“No man is an island,” as John Donne wrote. Everyone and everything is always part of multiple systems, and all the elements and structures of a system influence each other. Since every form of cooperation creates added value, (bio)diversity is both a prerequisite for cooperation and a key condition for the productivity level that can be sustainably achieved by a system.
(Bio)diversity also defines a system’s capacity to react to external and internal influences, and is simultaneously the potential basis for all further evolutionary developments of an (eco)system.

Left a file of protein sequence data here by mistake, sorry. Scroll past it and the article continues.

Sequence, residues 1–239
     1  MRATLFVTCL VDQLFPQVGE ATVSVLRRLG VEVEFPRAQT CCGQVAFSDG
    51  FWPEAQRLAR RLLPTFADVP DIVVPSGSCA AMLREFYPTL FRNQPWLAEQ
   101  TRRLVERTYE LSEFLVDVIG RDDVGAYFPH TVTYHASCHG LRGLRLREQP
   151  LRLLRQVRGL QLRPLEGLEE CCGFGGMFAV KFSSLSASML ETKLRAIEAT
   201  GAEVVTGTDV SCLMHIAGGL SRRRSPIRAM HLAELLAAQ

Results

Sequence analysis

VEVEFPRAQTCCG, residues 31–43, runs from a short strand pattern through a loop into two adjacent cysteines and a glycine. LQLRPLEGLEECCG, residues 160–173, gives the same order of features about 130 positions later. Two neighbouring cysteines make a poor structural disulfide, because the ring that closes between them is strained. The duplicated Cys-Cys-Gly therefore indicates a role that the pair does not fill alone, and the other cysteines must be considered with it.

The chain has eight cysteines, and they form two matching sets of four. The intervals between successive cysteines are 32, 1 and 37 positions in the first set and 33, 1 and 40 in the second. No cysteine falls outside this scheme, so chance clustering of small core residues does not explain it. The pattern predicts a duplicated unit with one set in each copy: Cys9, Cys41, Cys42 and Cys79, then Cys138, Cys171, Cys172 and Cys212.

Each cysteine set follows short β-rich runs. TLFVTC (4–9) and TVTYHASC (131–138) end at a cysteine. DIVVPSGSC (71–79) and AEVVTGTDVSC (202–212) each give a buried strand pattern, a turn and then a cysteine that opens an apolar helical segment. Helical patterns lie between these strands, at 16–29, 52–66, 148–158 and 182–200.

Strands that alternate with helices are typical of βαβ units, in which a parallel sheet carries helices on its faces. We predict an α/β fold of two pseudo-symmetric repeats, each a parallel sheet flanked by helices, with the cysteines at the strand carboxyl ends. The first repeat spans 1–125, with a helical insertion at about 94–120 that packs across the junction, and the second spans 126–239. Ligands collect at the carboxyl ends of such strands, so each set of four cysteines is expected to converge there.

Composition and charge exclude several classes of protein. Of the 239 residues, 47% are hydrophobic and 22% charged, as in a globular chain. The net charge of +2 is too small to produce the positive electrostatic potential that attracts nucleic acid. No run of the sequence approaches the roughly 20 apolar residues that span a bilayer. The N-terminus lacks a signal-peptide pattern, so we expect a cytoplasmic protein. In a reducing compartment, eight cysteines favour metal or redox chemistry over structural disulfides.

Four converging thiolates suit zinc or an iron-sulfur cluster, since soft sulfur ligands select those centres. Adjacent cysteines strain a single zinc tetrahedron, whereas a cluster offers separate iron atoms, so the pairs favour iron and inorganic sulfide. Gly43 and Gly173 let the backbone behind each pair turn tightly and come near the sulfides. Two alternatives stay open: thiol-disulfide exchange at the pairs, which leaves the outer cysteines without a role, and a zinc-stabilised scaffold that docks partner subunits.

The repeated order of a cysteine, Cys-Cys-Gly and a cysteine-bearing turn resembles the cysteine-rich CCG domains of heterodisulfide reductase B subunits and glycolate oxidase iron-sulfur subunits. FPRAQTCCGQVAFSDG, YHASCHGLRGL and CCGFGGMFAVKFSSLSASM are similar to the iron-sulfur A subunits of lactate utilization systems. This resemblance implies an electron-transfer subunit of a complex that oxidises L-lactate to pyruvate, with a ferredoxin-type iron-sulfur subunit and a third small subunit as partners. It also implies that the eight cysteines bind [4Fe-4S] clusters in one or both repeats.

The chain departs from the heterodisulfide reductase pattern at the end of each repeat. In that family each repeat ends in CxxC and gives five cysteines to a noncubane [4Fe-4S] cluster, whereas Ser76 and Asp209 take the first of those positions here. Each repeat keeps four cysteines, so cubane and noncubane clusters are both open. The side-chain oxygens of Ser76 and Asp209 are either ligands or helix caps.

As a result, the culturally determined approach to biodiversity becomes the central factor in potential development areas not only of the biosphere itself but also of the productivity of human societies, their potential for development, the quality of their environment and their standard of living.
It is therefore essential that (bio)diversity is protected and promoted as a fundamental source of development potential for all future systems.